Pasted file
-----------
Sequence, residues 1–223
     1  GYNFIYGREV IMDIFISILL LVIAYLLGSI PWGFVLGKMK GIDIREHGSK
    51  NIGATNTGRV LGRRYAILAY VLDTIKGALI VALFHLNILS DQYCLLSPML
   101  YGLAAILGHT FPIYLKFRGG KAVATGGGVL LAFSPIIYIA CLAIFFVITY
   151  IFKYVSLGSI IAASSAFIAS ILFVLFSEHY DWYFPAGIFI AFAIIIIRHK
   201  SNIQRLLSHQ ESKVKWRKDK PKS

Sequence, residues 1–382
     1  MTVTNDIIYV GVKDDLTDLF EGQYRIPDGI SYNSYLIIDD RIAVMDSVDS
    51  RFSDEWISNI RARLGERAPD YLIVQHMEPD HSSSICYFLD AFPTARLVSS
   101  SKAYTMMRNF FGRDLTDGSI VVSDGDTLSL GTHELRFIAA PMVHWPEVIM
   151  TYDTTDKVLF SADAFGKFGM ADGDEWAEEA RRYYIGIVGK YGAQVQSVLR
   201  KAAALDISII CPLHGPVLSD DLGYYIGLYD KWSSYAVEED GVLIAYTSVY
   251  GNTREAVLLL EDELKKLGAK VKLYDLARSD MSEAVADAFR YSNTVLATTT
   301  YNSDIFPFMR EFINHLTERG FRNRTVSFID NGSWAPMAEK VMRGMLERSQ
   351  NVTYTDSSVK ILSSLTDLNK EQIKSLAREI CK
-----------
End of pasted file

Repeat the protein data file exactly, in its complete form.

Sequence, residues 1–223
     1  GYNFIYGREV IMDIFISILL LVIAYLLGSI PWGFVLGKMK GIDIREHGSK
    51  NIGATNTGRV LGRRYAILAY VLDTIKGALI VALFHLNILS DQYCLLSPML
   101  YGLAAILGHT FPIYLKFRGG KAVATGGGVL LAFSPIIYIA CLAIFFVITY
   151  IFKYVSLGSI IAASSAFIAS ILFVLFSEHY DWYFPAGIFI AFAIIIIRHK
   201  SNIQRLLSHQ ESKVKWRKDK PKS

Sequence, residues 1–382
     1  MTVTNDIIYV GVKDDLTDLF EGQYRIPDGI SYNSYLIIDD RIAVMDSVDS
    51  RFSDEWISNI RARLGERAPD YLIVQHMEPD HSSSICYFLD AFPTARLVSS
   101  SKAYTMMRNF FGRDLTDGSI VVSDGDTLSL GTHELRFIAA PMVHWPEVIM
   151  TYDTTDKVLF SADAFGKFGM ADGDEWAEEA RRYYIGIVGK YGAQVQSVLR
   201  KAAALDISII CPLHGPVLSD DLGYYIGLYD KWSSYAVEED GVLIAYTSVY
   251  GNTREAVLLL EDELKKLGAK VKLYDLARSD MSEAVADAFR YSNTVLATTT
   301  YNSDIFPFMR EFINHLTERG FRNRTVSFID NGSWAPMAEK VMRGMLERSQ
   351  NVTYTDSSVK ILSSLTDLNK EQIKSLAREI CK